"Accident and Emergency"

About: Royal Bolton Hospital

I attended the A+E department in Bolton with chest pains and breathlessness. In which my friend gave my details to reception whilst I sat down getting my breath back. We were then told to sit in the triage area. After 15 minutes I was seen by the nurse and was hooked upto a heart monitor and blood pressure machine. The nurse then said I was amber priority, so my wait to see the doctor wouldn't be long. We then sat in the main waiting area hoping to be seen pretty soon. As I still didn't feel right. In which time we both saw various patients with none life threatening injuries. Such as broken ankles, other minor ailments. And even a man came into A+E because he couldn't get an appointment with his GP. And they were all seen before me! and were discharged within the hour. I clearly mustn't have been an emergency even though I was amber priority. I waited 1 and a half hours in which time the pain in my chest was subsiding and my breathing returned to normal. I was then called and seen by the doctor who looked a little confused as I seemed fine to them but an 1 and a half earlier I clearly wasn't and didn't seem an emergency. This is clearly what the department advertises in the waiting room 'emergencies' only other minor ailments or injuries you will be redirected to an appropriate care setting . I'm disappointed that I waited the length of time I did when I presented with serious symptoms. As this could have been life threatening. Those other patients who attended A+E would have have benefited from using Leigh NHS walk in centre as that hospital is built to suit their needs e.g. broken ankle, minor ailments not A+E! I'm a student Nurse myself and know what appropriate care individuals need. And what each NHS service is appropriate for those individuals. E.g GP, NHS walk in centre.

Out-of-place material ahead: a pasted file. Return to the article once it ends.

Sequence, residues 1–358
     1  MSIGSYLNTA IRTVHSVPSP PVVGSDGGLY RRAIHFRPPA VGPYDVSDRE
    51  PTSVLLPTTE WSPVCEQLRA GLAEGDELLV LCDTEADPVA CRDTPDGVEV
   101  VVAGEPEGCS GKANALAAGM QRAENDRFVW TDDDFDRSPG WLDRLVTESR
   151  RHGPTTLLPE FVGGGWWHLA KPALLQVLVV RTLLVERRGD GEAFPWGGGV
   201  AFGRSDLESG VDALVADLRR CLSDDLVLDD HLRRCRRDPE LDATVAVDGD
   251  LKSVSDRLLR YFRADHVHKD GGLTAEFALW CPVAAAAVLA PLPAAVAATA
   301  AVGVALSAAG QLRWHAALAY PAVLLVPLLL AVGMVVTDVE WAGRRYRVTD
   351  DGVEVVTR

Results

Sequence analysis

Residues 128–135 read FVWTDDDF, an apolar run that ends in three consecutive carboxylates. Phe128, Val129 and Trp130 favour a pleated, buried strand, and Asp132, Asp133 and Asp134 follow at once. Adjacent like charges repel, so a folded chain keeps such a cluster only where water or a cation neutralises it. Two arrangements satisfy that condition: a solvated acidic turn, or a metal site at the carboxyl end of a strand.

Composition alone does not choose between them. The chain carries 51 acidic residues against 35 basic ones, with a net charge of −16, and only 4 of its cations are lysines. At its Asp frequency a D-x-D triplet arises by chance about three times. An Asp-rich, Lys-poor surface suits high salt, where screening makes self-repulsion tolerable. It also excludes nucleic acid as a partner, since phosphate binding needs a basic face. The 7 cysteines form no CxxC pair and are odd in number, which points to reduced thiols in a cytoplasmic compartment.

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Response from Royal Bolton Hospital

Patients are seen in order of their clinical priority according to their initial assessment. We have two streams of patients following assessment – those who have minor injuries, and those whose injuries or condition is more serious. Over 50% of our patients are seen within the hour of their arrival. This is why you will have seen simpler, less serious conditions being seen more quickly than you were.

We aim to see patients who are rated “amber” within 20 minutes according to their clinical priority. However this can sometimes be difficult to achieve through volume of attendance and space limitations. However staff should communicate the relevant pathway and expectations to the patient and we apologise that this does not appear to have happened in your case. We have reminded staff to explain the process within the department. We are working with the CCG and partners in the health economy to assist patients to access the best service for their care.

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